The Curiosity Workshop Unveiled: Fun, Smart and Good For A Child’s Brain

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Website addresses the need to instill and encourage curiosity in children

“Curiosity is as important as intelligence.” Harvard Business Review, August 27, 2014

The Curiosity Workshop LLC today announces the launch of, an educational website designed to inspire children and instill a sense of curiosity about the world –– one that will positively impact their learning.

“The Curiosity Workshop is designed to get children asking, thinking, reading and doing,” says site creator Mia Nicklin. “Children by nature are curious. But for most, curiosity fades and needs to be encouraged. When kids stay curious, learning improves. Our goal is to encourage a child's natural instinct to ask questions and learn about the world around them.”

Each week the site covers a variety of topics, including adventure, art, ask-an-expert, endangered species, global sports, science, paleo, where-in-the-world, and more. The topics are packaged in individual curiosities: short, intelligent, visual and interesting sound bites, exactly what gets and keeps kids engaged –– and learning.

Why encourage curiosity? Because scientists have found that curiosity has a direct link to better learning and improved long-term memory. A recent study from the University of California, Davis suggests that “when our curiosity is piqued, changes in the brain ready us to learn not only about the subject at hand, but incidental information, too.” (Scientific American, October 2, 2014). The Harvard Business Review says "curiosity is as important as intelligence.” (HBR, August 27, 2014). A study published in the October 2014 issue of the journal Neuron “suggests that the brain's chemistry changes when we become curious, helping us better learn and retain information.” (National Public Radio, October 24, 2014). In short, the findings on curiosity and learning point not only to improved learning but to more effectively remembering what was learned.

Subscriptions to are available for $4.95/month, with new content provided weekly. A sneak peek of the site can be found at For more information email info(at)thecuriosityworkshop(dot)com.

Site creator, Mia Nicklin, is a mother to a world-traveling, safari-loving, 10-year-old boy who loves leopards, skateboarding and everything about the sea. Concerned that his schoolwork left him uninspired, she began writing daily curiosities for him, that inspired and interested her as well. Those posts grew into which has, along with his global adventures, made him more curious about the world and everything in it.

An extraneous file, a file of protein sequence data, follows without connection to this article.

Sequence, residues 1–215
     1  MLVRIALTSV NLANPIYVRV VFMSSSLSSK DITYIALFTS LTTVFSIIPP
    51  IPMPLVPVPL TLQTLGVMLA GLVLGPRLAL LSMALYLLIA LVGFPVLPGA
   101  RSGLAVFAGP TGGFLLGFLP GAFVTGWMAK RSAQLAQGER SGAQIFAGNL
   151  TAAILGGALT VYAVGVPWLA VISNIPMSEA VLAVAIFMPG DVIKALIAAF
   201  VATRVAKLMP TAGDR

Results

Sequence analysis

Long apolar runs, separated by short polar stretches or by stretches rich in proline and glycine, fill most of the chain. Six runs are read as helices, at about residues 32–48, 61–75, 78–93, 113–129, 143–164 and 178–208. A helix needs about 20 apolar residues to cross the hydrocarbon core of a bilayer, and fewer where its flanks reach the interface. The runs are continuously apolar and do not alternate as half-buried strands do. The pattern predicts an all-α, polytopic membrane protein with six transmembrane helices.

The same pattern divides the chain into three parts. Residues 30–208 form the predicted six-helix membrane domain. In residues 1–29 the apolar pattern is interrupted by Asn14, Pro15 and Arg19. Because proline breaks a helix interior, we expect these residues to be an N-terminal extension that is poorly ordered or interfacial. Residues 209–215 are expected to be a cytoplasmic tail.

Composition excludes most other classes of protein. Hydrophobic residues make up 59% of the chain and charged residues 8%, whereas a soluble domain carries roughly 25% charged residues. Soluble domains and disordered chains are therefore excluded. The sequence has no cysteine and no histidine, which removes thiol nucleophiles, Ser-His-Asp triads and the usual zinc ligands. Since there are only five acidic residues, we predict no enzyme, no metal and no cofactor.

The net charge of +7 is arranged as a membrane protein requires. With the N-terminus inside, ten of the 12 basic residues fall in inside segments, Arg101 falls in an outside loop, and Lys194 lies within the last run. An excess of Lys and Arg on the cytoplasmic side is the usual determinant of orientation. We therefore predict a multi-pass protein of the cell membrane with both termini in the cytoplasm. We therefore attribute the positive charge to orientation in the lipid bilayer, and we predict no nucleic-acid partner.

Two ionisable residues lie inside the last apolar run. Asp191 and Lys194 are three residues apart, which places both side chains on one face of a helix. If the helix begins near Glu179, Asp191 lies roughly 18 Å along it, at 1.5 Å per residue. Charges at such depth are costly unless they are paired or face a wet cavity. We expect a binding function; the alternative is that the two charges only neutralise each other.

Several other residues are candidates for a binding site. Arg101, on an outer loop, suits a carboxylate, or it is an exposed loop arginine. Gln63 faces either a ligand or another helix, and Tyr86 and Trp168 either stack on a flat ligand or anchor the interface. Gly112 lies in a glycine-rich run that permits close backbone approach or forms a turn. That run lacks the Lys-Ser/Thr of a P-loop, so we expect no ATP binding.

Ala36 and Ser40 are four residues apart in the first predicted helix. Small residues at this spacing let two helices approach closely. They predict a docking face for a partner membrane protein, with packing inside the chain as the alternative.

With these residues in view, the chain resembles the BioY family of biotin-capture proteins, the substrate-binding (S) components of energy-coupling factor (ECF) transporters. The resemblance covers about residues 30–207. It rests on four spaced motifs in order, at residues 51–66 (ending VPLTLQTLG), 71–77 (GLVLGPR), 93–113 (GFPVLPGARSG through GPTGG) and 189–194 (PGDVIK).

Writer/contributor/teacher, Jeri Van Blaricom Hanson, has been teaching students how to explore the world through the written word for over 15 years. An MFA graduate from The School of the Art Institute of Chicago, she navigates the dance between art and writing and is constantly asking why.

Content for the site is provided by a team of world travelers, educators, explorers, wordsmiths, artists, writers, scientists, safari guides, and more, with contributing writers from around the world. A teacher advisory board helps to ensure that the approach is on target.

Wondering how to encourage and develop your kid’s curiosity? Try these twelve tips compiled by The Curiosity Workshop’s teacher advisory board.

1) Ask WHY, why and why again. Answer your child’s questions and encourage them to ask more.  And if you don’t know the answer, find it. Investigate together. 
2) Initiate dinnertime CONVERSATION: choose a topic (perhaps one from and discuss it over spaghetti and meat balls.
3) Be a good ROLE MODEL: if you’re curious, they will learn from you. Step up your curiosity and it will inspire theirs.  
4) Serve their BREAKFAST along with an interesting article/question/page-of-a-book to wake up their mind and their curiosity. 
5) Identify THEIR areas of interest and dig further. 
6) Expand their VOCABULARY: keep an ongoing, growing list of words your child finds interesting or amusing.   
7) Send them OUTSIDE and ask them to question what they see. Show them how to observe the sights, sounds, and smells of the world around them. 
8) Ask them how they would MAKE A DIFFERENCE in the world and then encourage them to learn/do more.  
9) Get a GLOBE.  Spin it and have your child stop it with their finger.  Then learn more about that point on the globe. Make maps a part of their world.  Bring a more global world view into your child's life and explore together.  
10) Use CAR TIME as curiosity time.  After all, they’re a captive (and curious) audience.   
11) REDUCE the noise and electronic clutter.  Give the TV, iPad and X-box a rest.    
12) Keep it simple. And short. Most of all, make it FUN.     

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Media contact:
Linda Landers
Girlpower Marketing

Article links:
Harvard Business Review, August 27, 2014:
Scientific American, October 2, 2014:
National Public Radio, October 24, 2014:

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Linda Landers
Girlpower Marketing
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